The suture anchors 2 and 3 can be made of a variety of materials including metal or of a semi-rigid thermoplastic material. More specifically, the suture anchors 2 and 3 can be made of stainless steel or polypropylene, polyethylene, polytetrafluoroethylene, or nylon.

The suture anchors 2 and 3 serve to reinforce the ends of the support 1. The suture anchors 2 and 3 also improve suture attachment to the support 1. The suture anchors 2 and 3 also provide more even distribution of pull force to the support 1 as it supports the urethra.

The relief holes 4 and 5 are provided to increase the overall stretchability or elasticity of the support 1. The relief holes may not be needed if the material from which support 1 is made sufficiently elastic. The size and the number of relief holes can be modified to adjust the stretchability or elasticity of the support 1.

The sutures 6-9 are used to fix the sling to the abdominal tissue, pubis symphysis or any other suitable tissue or support to anchor the sling in place. A shorter support 1 can be combined with longer sutures extending from the ends of the support 1 to provide the surgeon with more options for securing the sling in place.

The embodiments shown in FIGS. 3-4 and 7-8 include additional structures for limiting the overall elastibility of the sling. Specifically, these embodiments include a flexible, stretchable sheath 10 extending laterally across and secured to the underside of the support 1. The sheath 10 is both thin and very elastic as compared to the support 1. Encased within the sheath 10 is a monofilament string 11, the opposite ends of which are secured to the suture anchors 2 and 3. The monofilament string 11 is "precoiled" by a heat-set operation. In this configuration, the monofilament string serves as a brake to limit how much the sling can stretch. As the sling stretches, the monofilament string 11 uncoils. When the string 11 is fully uncoiled, the sling can stretch no further. The sheath 10 is placed on the underside of the support 1 away from the urethra so it does not irritate the urethra. The sheath 10 ran be made of silicone or some other elastomeric material which prevents tissue ingrowth that could interfere with the coiling or uncoiling of the string 11. Alternatively, the string 11 could be embedded in the material from which support 1 is made so that the sheath 10 is integral with the support 1.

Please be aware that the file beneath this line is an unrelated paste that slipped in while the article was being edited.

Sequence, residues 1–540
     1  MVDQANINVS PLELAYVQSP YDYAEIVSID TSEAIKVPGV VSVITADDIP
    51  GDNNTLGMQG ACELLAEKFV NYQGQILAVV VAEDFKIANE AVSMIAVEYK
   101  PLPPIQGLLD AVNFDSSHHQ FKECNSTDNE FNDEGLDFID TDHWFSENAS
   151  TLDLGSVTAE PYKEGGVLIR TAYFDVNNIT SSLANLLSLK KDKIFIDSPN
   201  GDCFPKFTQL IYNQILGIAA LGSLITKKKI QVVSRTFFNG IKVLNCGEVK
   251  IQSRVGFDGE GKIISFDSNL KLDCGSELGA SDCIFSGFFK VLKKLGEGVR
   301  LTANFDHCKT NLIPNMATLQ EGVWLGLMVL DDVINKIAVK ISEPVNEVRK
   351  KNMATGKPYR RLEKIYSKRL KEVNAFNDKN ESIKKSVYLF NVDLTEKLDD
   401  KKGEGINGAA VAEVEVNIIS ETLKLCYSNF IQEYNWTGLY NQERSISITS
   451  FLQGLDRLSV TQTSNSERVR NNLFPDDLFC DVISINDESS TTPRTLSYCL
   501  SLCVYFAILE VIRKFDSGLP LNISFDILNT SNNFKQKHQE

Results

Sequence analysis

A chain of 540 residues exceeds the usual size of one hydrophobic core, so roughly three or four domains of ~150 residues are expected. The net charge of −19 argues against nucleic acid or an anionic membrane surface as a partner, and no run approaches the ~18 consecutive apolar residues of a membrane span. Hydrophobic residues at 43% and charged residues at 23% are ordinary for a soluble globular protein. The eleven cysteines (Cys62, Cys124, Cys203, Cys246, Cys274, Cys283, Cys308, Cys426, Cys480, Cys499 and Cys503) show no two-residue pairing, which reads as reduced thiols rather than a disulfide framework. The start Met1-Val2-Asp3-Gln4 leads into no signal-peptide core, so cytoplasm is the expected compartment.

As indicated above, the present invention is used to treat urinary incontinence by supporting the urethra and neck of the bladder. The device is surgically implanted so that the support 1 is beneath and in contact with the area to be supported. The surgeon sutures the device to abdominal tissue, pubis symphysis, other tissue or support suitable to fix the sling in place. The sling, when so positioned, flexibly supports the urethra and neck of the urethra. Sufficient support is provided to inhibit unintended discharge of urine. Yet, there is sufficient elasticity so that prolonged urinary retention is not a problem and the bladder can be voided at the approximate time.

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Reference
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Classifications
U.S. Classification600/37, 600/29, 600/30, 128/885
International ClassificationA61B17/02, A61B17/06, A61F2/00, A61B17/00
Cooperative ClassificationA61B2017/0225, A61F2/0045, A61B2017/0618, A61B17/0218, A61B2017/00805
European ClassificationA61F2/00B6B4, A61B17/02E